<xsl:apply-templates select="Description" />

<span onclick="toggle({Series}Cast);">[Cast]</span>

</p>

<div id="{Series}Cast" style="display: none;">

<ul class="castlist">

<xsl:apply-templates select="CastList/CastMember" />


 

</ul>

</div>

</div>

</xsl:template>

 

However, if you run TVGuide11.xsl with TVGuide3.xml, it won't make any difference to the result because the latter template, matching <Program> element children of <Channel> elements, has a higher priority. When the <Program> element that the XSLT processor is trying to process is a child of a <Channel> element, it will use the latter template, with the match pattern of Channel/Program; when it's not (such as when it's a child of a <Description> element), the processor will use the former template, with the match pattern of Program.

 

But we can change that in two ways. First, we can assign different priorities to the two templates using the priority attribute. Assign the general template a priority of 1, to create TVGuide12.xsl:

 

<xsl:template match="Program" priority="1">

<span class="program"><xsl:apply-templates /></span>

</xsl:template>

 

This explicit priority is higher than the implicit priority of the second template. If you run TVGuide12.xsl with TVGuide3.xml, you get the following mess:

 

 

Some of the formatting is still present because the elements inside the <Program> element still get processed by this template. However, the parts of the result that were generated by the second template, such as the <div> and <p> elements, are no longer present. You can get the same effect by removing the priority on the template matching all <Program> elements and giving the template matching <Program> elements within <Channel> elements a priority lower than -0.5.


 

A second way of manipulating the priority of the templates is to remove the context from the path for the second template (and remove the priority attributes that you just added), so the template that's supposed to be used to process <Program> elements within <Channel> elements looks like:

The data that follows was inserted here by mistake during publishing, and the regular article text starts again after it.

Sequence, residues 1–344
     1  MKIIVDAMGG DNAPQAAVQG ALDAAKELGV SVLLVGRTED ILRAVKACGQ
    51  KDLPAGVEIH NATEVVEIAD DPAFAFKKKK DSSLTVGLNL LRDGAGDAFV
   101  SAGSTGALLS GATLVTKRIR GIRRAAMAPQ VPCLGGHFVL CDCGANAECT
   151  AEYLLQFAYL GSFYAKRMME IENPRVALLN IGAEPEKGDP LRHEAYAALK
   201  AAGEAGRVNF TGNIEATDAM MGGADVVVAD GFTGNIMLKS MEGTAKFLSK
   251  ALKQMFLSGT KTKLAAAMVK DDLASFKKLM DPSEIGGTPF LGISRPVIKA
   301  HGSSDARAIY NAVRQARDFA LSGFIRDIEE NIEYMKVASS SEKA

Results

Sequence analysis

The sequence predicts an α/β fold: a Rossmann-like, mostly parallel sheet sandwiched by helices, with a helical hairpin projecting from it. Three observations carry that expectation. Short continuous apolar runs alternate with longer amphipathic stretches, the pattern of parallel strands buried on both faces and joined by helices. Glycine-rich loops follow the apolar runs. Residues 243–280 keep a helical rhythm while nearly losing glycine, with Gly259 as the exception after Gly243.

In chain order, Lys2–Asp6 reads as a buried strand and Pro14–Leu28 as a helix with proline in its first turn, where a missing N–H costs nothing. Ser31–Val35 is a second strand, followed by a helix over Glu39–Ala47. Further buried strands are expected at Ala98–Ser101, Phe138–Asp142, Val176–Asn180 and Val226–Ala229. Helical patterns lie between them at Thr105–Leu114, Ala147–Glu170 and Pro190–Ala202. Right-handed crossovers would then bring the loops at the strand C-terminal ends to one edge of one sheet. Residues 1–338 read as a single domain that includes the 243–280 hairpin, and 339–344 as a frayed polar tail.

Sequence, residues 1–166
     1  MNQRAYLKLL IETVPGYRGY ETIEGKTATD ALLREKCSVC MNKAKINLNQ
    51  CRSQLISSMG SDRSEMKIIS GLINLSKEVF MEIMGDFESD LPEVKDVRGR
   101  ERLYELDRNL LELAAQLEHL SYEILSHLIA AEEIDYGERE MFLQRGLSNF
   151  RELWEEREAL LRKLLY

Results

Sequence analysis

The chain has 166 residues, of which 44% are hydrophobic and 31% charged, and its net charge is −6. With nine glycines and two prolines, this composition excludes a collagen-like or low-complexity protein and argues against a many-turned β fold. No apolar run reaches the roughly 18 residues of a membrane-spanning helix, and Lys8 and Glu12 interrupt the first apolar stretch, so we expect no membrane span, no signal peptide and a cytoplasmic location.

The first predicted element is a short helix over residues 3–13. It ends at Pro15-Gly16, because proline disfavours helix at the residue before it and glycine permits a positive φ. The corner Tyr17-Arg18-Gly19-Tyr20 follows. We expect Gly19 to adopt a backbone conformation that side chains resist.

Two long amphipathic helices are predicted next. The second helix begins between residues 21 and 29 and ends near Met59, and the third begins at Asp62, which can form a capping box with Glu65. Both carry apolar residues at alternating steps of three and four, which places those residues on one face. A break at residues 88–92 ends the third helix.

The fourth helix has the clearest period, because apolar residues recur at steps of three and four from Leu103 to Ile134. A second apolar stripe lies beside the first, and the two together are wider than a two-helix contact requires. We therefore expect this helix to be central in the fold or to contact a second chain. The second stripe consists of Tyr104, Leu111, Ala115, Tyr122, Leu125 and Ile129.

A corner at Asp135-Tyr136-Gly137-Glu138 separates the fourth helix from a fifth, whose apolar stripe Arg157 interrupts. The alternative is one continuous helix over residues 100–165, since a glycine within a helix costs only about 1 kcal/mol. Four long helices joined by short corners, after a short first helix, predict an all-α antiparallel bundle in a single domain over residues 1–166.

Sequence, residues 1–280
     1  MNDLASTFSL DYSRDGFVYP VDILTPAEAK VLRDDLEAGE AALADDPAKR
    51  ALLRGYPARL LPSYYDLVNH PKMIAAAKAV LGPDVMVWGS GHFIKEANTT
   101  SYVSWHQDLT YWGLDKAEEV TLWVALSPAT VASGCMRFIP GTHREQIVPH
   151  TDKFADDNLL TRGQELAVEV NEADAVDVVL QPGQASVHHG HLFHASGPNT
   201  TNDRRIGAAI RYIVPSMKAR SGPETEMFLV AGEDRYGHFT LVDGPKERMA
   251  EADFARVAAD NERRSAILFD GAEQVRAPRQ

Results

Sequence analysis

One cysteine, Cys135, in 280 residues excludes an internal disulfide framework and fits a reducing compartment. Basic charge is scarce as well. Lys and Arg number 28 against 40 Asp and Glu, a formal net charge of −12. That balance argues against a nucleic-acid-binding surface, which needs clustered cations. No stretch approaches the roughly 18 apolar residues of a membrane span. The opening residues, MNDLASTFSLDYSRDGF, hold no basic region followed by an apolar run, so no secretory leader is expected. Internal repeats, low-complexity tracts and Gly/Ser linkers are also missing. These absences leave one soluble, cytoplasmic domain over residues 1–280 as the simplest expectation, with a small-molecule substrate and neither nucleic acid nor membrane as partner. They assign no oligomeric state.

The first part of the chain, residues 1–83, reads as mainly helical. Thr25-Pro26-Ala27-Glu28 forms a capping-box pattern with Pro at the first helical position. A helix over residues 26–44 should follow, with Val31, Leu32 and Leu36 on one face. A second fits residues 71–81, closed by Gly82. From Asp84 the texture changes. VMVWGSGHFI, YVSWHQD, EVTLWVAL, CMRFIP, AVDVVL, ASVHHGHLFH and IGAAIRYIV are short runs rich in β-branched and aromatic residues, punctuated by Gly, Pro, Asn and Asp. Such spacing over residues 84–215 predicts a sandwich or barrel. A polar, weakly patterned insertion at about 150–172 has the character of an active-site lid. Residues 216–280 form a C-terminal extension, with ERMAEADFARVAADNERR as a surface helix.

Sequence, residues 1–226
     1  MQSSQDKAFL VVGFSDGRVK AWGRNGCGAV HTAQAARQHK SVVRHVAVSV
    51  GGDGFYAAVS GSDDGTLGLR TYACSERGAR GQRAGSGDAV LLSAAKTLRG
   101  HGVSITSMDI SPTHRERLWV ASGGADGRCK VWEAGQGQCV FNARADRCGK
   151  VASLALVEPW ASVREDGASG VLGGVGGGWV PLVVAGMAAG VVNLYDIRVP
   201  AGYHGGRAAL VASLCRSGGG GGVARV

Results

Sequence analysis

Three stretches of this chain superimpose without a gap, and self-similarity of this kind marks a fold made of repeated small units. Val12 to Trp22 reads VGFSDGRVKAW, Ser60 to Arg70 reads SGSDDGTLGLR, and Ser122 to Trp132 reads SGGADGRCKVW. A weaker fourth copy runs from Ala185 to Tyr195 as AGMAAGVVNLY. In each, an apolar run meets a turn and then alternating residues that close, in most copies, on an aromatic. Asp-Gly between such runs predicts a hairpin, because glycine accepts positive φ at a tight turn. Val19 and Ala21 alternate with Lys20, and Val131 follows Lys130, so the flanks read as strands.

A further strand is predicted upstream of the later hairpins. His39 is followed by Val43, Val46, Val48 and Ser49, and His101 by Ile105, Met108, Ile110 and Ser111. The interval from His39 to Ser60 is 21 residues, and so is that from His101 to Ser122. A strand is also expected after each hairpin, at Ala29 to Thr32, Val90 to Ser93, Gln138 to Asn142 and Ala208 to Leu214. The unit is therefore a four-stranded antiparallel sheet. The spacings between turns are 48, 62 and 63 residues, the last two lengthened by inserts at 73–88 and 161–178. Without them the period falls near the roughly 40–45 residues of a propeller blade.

<xsl:template match="Program">

<div>

<p>

<span class="date"><xsl:apply-templates select="Start" /></span>

<br />

<xsl:apply-templates select="Series" />

<br />

<xsl:apply-templates select="Description" />

<span onclick="toggle({Series}Cast);">[Cast]</span>

</p>

<div id="{Series}Cast" style="display: none;">

<ul class="castlist">

<xsl:apply-templates select="CastList/CastMember" />

</ul>

</div>

</div>

</xsl:template>

 

Now the templates both apply to the same <Program> elements and have the same priority, which is an error. Move the template that's supposed to be for <Program> elements within <Description> elements below the above in the stylesheet (if it's not there already), to give TVGuide13.xsl. Most likely your processor will use the lower template in the stylesheet to process the <Program> elements, and you'll get the same mess as when you changed the priority explicitly. Processors are within their rights to terminate the stylesheet and give you an error, though, and some processors might warn you that there are two templates that match the same node with the same priority. Saxon, for example, gives reams of recoverable error messages, though it produces the result perfectly well:

 


 

It's often simpler to make templates whose match patterns don't include any information about the ancestry of the element, and it's easier for the processor too, because it doesn't have to check. For our TV guide stylesheet, we could adopt one of two styles to deal with elements that need to be treated differently in different places add ancestry information for those templates that deal with elements in the descriptions, or add ancestry information to the other templates, those that deal with the bulk of the result. I think it makes more sense to keep ancestry information on the templates that deal with descriptions, because that way it's easy to tell which templates are those that deal with descriptions and which aren't. TVGuide14.xsl shows the result of doing that.

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© Copyright 2002 Wrox Press This chapter is written by Jeni Tennison and taken from "Beginning XSLT" published by Wrox Press Limited in June 2002; ISBN 1861005946; copyright Wrox Press Limited 2002; all rights reserved.

No part of these chapters may be reproduced, stored in a retrieval system or transmitted in any form or by any means -- electronic, electrostatic, mechanical, photocopying, recording or otherwise -- without the prior written permission of the publisher, except in the case of brief quotations embodied in critical articles or reviews.